Report: Utah faces housing shortage, skyrocketing prices
SALT LAKE CITY, Utah – The affordability of homes, condos and apartments in Utah is being threatened due to skyrocketing prices, lack of income growth and a shortage in available housing units, according to a new report from the University of Utah’s Kem C. Gardner Policy Institute.
“While the impact of higher housing prices are widespread, affecting buyers, sellers, and renters in all income groups,” the study reads, “those households below the median income and particularly low income households are disproportionately hurt by higher housing prices.”
The report, “What Rapidly Rising Prices Mean for Housing Affordability,” details the rise of Utah’s economy since 2010 and the accompanying population growth. Together, the growth “produced exceptionally strong demand for housing, which in turn has put upward pressure on housing prices.”
In addition, Utah is also having a housing shortage, with existing homes “falling short of demand,” the report says.
“The big issue here now is that we are not building enough housing to meet the households that are growing in Utah,” Clark Ivory, CEO of Ivory Homes, said during a panel discussion Tuesday at the Kem C. Gardner Policy Institute.
“It’s chaotic. In a word, it’s chaotic,” Amy Wilson, a realtor who lives in Salt Lake County, said of the current housing market. “We just cannot keep up with the demand.”
Wilson said buyers grow frustrated as they try to compete against other buyers for the existing inventory. Homes listed for sale get numerous purchase offers, she said.
“I’ve listed homes over the last few months where we had cash offers within an hour,” Wilson explained.
About 120,000 households in Utah are facing a “severe housing cost burden,” according to the report, because they are paying more than 50 percent of their income toward housing.
Over the past quarter century, the report says Utah’s annual increase in home prices has been 5.7 percent. Should that rate of increase continue for the next 26 years, the median price of a home along the Wasatch Front would be $1.3 million.
“Even when applying the real rate of increase (inflation adjusted) over the past 26 years of 3.32 percent, the median price would be $736,600” the report goes on to say. “And if this real rate of increase is cut in half to 1.7 percent the median price would still be $483,000 in real dollars; equivalent to Seattle housing prices in 2017.”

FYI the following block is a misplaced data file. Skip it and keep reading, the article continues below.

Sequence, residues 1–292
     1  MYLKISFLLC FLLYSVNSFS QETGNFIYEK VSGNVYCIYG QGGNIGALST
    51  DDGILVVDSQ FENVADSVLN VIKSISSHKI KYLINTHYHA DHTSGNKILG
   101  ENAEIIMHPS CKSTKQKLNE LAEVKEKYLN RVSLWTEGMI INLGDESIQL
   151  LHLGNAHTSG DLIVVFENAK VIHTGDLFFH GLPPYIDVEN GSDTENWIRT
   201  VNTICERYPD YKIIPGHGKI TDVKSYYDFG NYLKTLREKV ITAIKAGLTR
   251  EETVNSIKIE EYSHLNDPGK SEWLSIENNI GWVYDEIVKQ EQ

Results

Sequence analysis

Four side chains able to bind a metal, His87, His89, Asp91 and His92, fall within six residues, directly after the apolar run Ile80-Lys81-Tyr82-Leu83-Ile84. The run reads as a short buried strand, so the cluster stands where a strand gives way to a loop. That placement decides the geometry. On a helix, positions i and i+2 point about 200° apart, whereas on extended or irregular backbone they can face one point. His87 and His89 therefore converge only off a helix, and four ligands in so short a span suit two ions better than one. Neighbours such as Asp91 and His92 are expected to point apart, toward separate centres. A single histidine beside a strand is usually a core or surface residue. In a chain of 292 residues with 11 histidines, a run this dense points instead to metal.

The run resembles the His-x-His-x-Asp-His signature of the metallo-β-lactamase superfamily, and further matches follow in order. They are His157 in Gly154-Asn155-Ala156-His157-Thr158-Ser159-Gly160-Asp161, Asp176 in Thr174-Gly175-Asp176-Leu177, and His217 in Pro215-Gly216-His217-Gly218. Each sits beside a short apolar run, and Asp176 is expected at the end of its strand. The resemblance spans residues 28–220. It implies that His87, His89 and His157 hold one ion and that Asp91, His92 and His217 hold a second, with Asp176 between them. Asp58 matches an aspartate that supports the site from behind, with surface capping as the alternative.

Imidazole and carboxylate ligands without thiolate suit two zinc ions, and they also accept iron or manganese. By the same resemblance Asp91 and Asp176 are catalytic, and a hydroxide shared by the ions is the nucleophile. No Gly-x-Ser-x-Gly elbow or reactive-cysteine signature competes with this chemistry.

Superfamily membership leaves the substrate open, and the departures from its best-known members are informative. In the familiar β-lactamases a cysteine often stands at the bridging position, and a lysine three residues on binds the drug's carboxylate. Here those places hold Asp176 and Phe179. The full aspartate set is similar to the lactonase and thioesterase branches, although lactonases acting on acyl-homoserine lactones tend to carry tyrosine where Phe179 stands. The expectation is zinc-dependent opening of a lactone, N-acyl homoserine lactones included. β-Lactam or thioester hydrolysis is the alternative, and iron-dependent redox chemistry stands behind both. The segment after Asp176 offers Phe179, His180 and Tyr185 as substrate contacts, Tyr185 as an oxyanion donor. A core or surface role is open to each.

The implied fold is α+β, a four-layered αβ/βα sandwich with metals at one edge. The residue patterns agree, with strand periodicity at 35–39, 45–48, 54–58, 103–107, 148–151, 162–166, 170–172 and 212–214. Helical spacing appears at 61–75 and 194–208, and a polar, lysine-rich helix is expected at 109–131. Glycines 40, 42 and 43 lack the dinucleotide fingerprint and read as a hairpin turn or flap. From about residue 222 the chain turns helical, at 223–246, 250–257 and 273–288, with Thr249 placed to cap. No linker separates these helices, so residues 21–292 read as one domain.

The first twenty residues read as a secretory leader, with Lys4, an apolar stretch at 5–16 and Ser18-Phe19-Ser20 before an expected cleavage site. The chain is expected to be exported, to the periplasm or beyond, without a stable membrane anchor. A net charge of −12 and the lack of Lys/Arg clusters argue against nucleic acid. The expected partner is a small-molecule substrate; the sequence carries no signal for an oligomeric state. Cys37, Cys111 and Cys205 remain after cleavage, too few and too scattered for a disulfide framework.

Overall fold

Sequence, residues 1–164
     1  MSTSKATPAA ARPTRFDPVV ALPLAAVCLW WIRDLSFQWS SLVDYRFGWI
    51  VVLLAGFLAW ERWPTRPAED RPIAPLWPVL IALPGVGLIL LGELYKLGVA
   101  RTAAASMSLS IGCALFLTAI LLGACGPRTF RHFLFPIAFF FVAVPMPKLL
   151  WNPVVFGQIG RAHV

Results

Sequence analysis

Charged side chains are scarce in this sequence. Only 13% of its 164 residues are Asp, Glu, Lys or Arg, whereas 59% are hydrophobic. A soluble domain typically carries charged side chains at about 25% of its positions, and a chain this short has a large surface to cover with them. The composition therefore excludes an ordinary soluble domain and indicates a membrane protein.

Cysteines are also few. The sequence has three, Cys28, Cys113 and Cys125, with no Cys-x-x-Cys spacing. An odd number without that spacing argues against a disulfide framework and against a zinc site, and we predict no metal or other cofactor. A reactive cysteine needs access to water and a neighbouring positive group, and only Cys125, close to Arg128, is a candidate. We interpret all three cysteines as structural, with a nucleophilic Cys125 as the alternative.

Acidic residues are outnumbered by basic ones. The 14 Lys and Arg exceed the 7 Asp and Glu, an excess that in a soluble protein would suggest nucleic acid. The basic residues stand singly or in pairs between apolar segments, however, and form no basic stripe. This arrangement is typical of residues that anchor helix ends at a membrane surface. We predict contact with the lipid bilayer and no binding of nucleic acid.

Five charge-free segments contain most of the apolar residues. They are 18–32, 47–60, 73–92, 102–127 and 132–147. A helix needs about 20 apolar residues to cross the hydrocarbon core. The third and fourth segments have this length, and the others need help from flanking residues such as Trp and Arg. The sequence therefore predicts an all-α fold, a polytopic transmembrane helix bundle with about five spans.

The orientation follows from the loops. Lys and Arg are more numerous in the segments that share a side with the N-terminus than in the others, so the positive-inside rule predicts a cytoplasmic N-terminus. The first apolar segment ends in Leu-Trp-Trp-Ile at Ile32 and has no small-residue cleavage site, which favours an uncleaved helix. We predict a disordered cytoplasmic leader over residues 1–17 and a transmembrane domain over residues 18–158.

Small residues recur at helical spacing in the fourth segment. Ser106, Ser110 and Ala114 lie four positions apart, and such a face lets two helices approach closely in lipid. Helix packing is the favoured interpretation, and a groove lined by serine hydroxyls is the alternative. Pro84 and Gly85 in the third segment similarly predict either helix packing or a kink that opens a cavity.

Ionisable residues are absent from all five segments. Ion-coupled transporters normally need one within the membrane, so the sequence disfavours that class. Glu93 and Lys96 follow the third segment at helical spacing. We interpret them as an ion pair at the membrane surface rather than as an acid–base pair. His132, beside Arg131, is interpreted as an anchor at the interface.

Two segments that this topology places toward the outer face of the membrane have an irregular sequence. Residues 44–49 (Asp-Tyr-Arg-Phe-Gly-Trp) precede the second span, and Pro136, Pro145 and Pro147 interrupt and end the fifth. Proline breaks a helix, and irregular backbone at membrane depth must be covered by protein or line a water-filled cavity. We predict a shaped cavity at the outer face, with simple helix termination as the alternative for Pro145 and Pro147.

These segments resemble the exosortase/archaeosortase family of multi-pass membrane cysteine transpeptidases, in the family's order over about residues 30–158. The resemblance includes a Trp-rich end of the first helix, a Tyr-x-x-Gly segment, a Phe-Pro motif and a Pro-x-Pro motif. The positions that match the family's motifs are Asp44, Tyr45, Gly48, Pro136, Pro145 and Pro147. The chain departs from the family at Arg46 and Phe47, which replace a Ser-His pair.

Further threatening the affordability of housing would be a rise in home mortgage interest rates to six percent, which the report says, “would jeopardize homeownership opportunities for many households with higher incomes and seriously reduce housing affordability in Utah.”
The increasing cost of housing could one day affect Utah’s competitive advantage in attracting new businesses to the state, the report says.
“The median sales price of a home in Utah’s two large metropolitan areas is already 20 percent higher than home prices in Boise, Las Vegas, and Phoenix: three cities Utah competes with for new business expansions,” the study says.
To combat these threats, the Salt Lake Chamber on Tuesday announced the creation of the Housing Gap Coalition.
“It’s about increasing supply to match the demand so that we don’t have inordinate pricing increases,” said Derek Miller, president and CEO of the Salt Lake Chamber.
The coalition has a goal of addressing Utah’s housing issues before they create a crisis.
“We don’t want to lose that competitive advantage that we have today,” said Steve Starks, chair of the Housing Gap Coalition and president of Larry H. Miller Sports.
Members of coalition say finding a new housing balance in Utah will take educating cities and towns about how to build the right kind housing.
“Right now, we’re consumed with single family homes,” said Abby Osborne with the Salt Lake Chamber and also part of the new coalition. “We’ve really got to get ahead of this problem, because there’s nowhere for us to go. We’re constrained by mountains, we’re constrained by the lake. We don’t have luxury to just continue to sprawl.”
“At the end of the day, there’s not going to be a single solution,” Starks said. “But what are the options? And what are the levers we can pull now that will impact us 20, 30, 40 years down the road.”
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